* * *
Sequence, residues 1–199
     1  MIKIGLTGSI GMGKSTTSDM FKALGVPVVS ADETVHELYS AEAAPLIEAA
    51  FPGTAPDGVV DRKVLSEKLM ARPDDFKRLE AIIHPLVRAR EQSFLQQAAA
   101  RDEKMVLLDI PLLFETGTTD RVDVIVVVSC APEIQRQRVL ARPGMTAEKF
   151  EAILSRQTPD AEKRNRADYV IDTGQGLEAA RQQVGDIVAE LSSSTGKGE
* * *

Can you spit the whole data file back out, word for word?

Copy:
Sequence, residues 1–199
     1  MIKIGLTGSI GMGKSTTSDM FKALGVPVVS ADETVHELYS AEAAPLIEAA
    51  FPGTAPDGVV DRKVLSEKLM ARPDDFKRLE AIIHPLVRAR EQSFLQQAAA
   101  RDEKMVLLDI PLLFETGTTD RVDVIVVVSC APEIQRQRVL ARPGMTAEKF
   151  EAILSRQTPD AEKRNRADYV IDTGQGLEAA RQQVGDIVAE LSSSTGKGE